So the somatic dysfunction of the pelvis affects the entire body; the spine, the thoracoabdominal
diaphragm, the pelvic diaphragm, the primary respiratory mechanism and the lower extremities.
So, any sort of restriction of the motion at the pelvis will affect a lot of the different structures
outside of it. There might be a lot of different causes that cause these pelvic somatic dysfunctions.
It could be secondary to muscle restrictions, it could be due to a wide variety of different issues
and what happens is you might have a lot of different patient complaints. So, somatic dysfunctions
of the lumbar spine could affect the lumbar plexus and cause symptoms in the pelvis and the lower
extremity. So if we have dysfunctions of the quadratus lumborum or the psoas muscle, that could
create symptoms similar to a groin pull or a hernia. Dysfunctions of the piriformis or the sacrum
could affect the sciatic nerve as it radiates down the leg mimicking a herniated disc. So if that
irritation is caused by the tightness of the piriformis muscle, this is called piriformis syndrome.
Viscera complaints could be related to imbalance of autonomic control of the pelvic viscera. So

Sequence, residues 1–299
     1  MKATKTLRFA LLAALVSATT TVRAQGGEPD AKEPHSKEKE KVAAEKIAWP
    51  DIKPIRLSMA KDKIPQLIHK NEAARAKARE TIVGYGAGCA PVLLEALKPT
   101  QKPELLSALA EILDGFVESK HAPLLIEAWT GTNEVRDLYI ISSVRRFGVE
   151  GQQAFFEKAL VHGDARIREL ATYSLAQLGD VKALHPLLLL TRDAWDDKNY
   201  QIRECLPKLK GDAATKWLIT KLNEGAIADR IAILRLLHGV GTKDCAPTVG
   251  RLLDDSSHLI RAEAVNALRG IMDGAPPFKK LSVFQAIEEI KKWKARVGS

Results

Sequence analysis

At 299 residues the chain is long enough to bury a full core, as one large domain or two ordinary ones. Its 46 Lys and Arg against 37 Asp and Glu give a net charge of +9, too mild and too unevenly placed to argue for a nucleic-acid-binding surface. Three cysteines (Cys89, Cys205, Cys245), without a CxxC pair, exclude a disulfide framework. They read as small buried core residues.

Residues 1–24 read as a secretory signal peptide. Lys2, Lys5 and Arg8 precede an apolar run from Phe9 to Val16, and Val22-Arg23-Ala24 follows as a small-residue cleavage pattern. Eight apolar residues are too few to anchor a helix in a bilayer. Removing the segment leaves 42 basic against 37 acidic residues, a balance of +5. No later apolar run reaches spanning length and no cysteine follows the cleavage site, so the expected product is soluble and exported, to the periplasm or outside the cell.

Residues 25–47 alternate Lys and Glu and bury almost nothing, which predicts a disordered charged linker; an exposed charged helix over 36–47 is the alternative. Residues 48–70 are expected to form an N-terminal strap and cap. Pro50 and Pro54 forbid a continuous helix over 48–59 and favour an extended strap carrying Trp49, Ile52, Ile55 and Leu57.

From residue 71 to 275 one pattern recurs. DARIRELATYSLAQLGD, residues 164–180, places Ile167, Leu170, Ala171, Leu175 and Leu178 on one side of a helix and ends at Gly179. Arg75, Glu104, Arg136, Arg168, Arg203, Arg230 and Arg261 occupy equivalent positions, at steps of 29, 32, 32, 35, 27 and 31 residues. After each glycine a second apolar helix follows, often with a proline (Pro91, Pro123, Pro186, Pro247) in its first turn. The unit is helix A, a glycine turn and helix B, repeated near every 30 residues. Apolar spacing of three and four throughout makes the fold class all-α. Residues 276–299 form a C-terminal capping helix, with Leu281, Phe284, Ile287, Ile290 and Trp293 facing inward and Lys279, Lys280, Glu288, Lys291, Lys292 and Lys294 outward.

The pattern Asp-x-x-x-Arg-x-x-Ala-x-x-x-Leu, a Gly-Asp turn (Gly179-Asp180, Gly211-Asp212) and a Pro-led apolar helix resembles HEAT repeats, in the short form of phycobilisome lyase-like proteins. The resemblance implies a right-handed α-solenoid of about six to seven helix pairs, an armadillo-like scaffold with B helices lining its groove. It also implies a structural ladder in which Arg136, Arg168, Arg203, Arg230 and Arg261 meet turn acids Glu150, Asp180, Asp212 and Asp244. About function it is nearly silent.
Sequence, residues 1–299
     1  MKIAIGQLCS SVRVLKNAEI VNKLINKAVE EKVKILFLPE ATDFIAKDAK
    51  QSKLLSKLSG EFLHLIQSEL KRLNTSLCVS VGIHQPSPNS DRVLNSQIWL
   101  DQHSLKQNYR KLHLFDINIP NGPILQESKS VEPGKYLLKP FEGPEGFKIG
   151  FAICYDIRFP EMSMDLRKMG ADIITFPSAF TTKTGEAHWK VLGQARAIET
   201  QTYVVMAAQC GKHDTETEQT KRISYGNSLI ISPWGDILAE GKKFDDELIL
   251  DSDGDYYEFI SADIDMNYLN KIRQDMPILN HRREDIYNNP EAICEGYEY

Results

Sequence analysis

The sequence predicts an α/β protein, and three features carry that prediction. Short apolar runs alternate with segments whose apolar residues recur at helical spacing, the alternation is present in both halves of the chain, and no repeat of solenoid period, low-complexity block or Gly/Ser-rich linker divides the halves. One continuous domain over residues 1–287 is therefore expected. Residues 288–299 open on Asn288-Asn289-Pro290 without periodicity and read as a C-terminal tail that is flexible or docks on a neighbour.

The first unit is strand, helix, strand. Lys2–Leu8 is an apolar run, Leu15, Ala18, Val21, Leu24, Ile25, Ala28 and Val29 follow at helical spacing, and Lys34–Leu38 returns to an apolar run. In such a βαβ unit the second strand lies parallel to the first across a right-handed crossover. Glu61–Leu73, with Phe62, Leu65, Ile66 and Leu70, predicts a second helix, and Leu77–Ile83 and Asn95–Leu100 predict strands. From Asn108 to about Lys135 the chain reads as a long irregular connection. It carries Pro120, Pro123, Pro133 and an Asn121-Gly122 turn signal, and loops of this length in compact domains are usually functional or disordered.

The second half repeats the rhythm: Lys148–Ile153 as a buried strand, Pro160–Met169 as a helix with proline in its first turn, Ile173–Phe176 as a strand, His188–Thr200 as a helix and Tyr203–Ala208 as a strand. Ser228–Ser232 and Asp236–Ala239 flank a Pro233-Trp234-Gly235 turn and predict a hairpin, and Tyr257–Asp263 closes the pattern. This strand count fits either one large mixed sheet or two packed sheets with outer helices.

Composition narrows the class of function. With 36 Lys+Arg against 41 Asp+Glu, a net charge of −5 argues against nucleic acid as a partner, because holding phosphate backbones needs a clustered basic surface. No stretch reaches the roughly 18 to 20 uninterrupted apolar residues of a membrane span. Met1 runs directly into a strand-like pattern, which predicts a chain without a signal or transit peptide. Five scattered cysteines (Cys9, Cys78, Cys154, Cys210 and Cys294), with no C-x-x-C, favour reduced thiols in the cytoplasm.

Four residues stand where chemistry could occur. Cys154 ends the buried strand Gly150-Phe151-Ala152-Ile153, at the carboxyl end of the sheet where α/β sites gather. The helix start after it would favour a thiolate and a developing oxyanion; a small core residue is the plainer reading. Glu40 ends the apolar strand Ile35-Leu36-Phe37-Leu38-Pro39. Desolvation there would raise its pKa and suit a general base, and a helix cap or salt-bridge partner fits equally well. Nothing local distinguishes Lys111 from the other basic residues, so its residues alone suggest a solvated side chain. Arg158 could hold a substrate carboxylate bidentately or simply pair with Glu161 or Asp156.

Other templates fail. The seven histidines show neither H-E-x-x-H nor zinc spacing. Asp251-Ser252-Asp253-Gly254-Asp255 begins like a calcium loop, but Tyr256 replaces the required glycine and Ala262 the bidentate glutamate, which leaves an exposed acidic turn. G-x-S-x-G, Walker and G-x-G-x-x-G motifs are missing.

remember the parasympathetics innervate the pelvic organs and the distal colon and so the sacral
nerves S2, S3, S4 will innervate and provide parasympathetic innervation. If you have restrictions
of the pelvis, that could potentially irritate those nerves and cause issues if you have problems
with the pelvic diaphragm as we discussed before. If the pelvic diaphragm is stiff, that is
going to decrease the excursion and motion and movement of the diaphragm and decrease circulation
and lymphatic distribution throughout the pelvis. Somatic dysfunctions of the pelvis could also
cause issues with the gut and the repro system. So visceral complaints could be related to an
imbalance of autonomic control of the pelvic viscera. For example irritable bowel syndrome, which
tends to be parasympathetic dominant could have symptoms such as headache, nausea, diarrhea and
cramps and if we treat the pelvis and we help balance the autonomic tone between the sacrum and the
parasympathetic innervation from S2 to S4 that could potentially help with some of the symptoms
with GI issues, constipation or irritable bowel syndrome. Another example is looking at primary
dysmenorrhea. If we normalize parasympathetic tone and help to encourage venous and lymphatic return
by helping to improve motion of the pelvis and improve motion of the pelvic diaphragm, this could
potentially help to decrease some of the symptoms associated with primary dysmenorrhea.